Oklahoma City ranks higher than the national average in most areas when compared to other cities of the same size according to results from the City’s annual survey administered in July by surveyor, ETC Institute.
The survey results are available on okc.gov.
Services provided by the Utilities Department stood head and shoulders above other cities the same size as Oklahoma City. Residents rated OKC’s trash collection (90%), curbside recycling (83%), bulky waste pickup (82%) and wastewater services (79%). These results were anywhere from 21% to 35% above the national average.
Services provided by police (72%) ranked 17% above the national average. Ratings for fire (91%), parks (63%), customer service (62%) and communication (51%) are also among the best in the nation.
“Our high national rating is a testament to City employees’ commitment to providing excellent customer service,” said City Manager Craig Freeman. “We love our community and are committed to serving residents with integrity and professionalism.”
Two out of three residents rated Oklahoma City as being either an “excellent” or “good” place to live (81%), work (77%), raise children (70%) and as a place to visit (66%).
Although OKC is setting the standard in many areas, several of the City’s ratings declined from 2021, a trend ETC reported as consistent with most U.S. cities over the past year.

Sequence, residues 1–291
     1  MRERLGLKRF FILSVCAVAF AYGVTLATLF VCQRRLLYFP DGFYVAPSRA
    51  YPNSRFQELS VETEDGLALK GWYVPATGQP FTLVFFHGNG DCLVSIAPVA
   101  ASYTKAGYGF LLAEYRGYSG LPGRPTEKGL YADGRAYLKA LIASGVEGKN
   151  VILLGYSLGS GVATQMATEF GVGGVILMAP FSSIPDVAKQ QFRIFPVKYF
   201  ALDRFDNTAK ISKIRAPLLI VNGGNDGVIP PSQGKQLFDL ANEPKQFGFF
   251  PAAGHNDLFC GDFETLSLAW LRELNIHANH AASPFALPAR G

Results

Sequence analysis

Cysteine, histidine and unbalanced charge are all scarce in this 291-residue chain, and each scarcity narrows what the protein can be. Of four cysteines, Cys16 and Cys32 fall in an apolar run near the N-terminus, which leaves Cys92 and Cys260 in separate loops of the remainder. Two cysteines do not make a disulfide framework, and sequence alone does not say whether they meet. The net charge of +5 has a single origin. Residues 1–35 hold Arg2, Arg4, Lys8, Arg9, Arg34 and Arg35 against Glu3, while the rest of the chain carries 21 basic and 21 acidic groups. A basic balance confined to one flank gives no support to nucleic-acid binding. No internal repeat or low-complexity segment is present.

The top areas of improvement for Oklahoma City include street maintenance, traffic flow, code enforcement and public transportation.
“Results from the survey have a direct impact on our budgeting process,” Freeman added. “We depend on resident feedback to tell us if we are moving in the right direction and what services should be prioritized.”
Areas that saw the most improvement over the past year include:
Enforcement of junk and debris on private property
Enforcing mowing and the cutting of weeds on private property
Bulky pick-up removal
Athletic leagues offered
Street condition in neighborhoods
Condition of major City streets
City trash collection
Areas that saw the biggest decreases from last year include:
Enforcement of yard parking regulations in neighborhoods
Enforcing sign regulations
Quality of animal control
How well the City is planning for growth
Quality of downtown
Efforts to remove abandoned and inoperable vehicles
Enforcement of local traffic laws
Other notable findings include:
3 in 4 residents have used City parks and or recreation programs over the past year.
Nearly 4 in 10 residents reported problems with stray dogs in their neighborhoods.
90.5% of residents think they have been treated fairly by OKC police officers.
Residents who were dissatisfied with the enforcement of traffic laws through more traffic citations are needed.
The purpose of the survey is to assess resident satisfaction with City services, gather input from residents to help set priorities and track OKC’s performance against itself and with other similar-sized cities over time.
This is the 14th year the six-page survey was administered by phone, mail, text and online to a randomly selected sample of households in Oklahoma City. The sample was designed to ensure the results would be statistically valid for each of the City’s eight wards. At least 150 surveys were completed in each ward. A total of 1,343 residents responded.
Improvements to streets, traffic flow, police and parks are being made through a 10-year, $967 million bond package called Better Streets, Safer City, a permanent ¼ cent sales tax to hire more police officers and firefighters and MAPS 4.